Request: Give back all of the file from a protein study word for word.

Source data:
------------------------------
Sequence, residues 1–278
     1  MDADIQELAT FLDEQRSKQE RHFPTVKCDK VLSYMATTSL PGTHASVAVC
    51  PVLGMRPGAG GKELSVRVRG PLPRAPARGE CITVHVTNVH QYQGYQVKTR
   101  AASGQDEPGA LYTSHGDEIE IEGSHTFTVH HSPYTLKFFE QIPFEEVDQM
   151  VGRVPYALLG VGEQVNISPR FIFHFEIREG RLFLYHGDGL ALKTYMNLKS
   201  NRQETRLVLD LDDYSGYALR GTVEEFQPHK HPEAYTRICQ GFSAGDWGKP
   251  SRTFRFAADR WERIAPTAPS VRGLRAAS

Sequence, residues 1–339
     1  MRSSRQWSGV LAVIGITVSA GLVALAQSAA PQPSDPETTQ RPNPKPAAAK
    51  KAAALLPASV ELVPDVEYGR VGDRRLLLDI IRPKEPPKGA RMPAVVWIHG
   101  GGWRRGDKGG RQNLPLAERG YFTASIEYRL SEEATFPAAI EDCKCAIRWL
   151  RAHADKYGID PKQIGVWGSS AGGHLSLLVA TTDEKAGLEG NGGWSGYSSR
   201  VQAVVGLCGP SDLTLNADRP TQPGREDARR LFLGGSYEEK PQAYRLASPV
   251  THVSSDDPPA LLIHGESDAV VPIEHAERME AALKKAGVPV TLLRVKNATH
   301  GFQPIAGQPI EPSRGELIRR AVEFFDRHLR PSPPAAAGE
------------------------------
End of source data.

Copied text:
Sequence, residues 1–278
     1  MDADIQELAT FLDEQRSKQE RHFPTVKCDK VLSYMATTSL PGTHASVAVC
    51  PVLGMRPGAG GKELSVRVRG PLPRAPARGE CITVHVTNVH QYQGYQVKTR
   101  AASGQDEPGA LYTSHGDEIE IEGSHTFTVH HSPYTLKFFE QIPFEEVDQM
   151  VGRVPYALLG VGEQVNISPR FIFHFEIREG RLFLYHGDGL ALKTYMNLKS
   201  NRQETRLVLD LDDYSGYALR GTVEEFQPHK HPEAYTRICQ GFSAGDWGKP
   251  SRTFRFAADR WERIAPTAPS VRGLRAAS

Sequence, residues 1–339
     1  MRSSRQWSGV LAVIGITVSA GLVALAQSAA PQPSDPETTQ RPNPKPAAAK
    51  KAAALLPASV ELVPDVEYGR VGDRRLLLDI IRPKEPPKGA RMPAVVWIHG
   101  GGWRRGDKGG RQNLPLAERG YFTASIEYRL SEEATFPAAI EDCKCAIRWL
   151  RAHADKYGID PKQIGVWGSS AGGHLSLLVA TTDEKAGLEG NGGWSGYSSR
   201  VQAVVGLCGP SDLTLNADRP TQPGREDARR LFLGGSYEEK PQAYRLASPV
   251  THVSSDDPPA LLIHGESDAV VPIEHAERME AALKKAGVPV TLLRVKNATH
   301  GFQPIAGQPI EPSRGELIRR AVEFFDRHLR PSPPAAAGE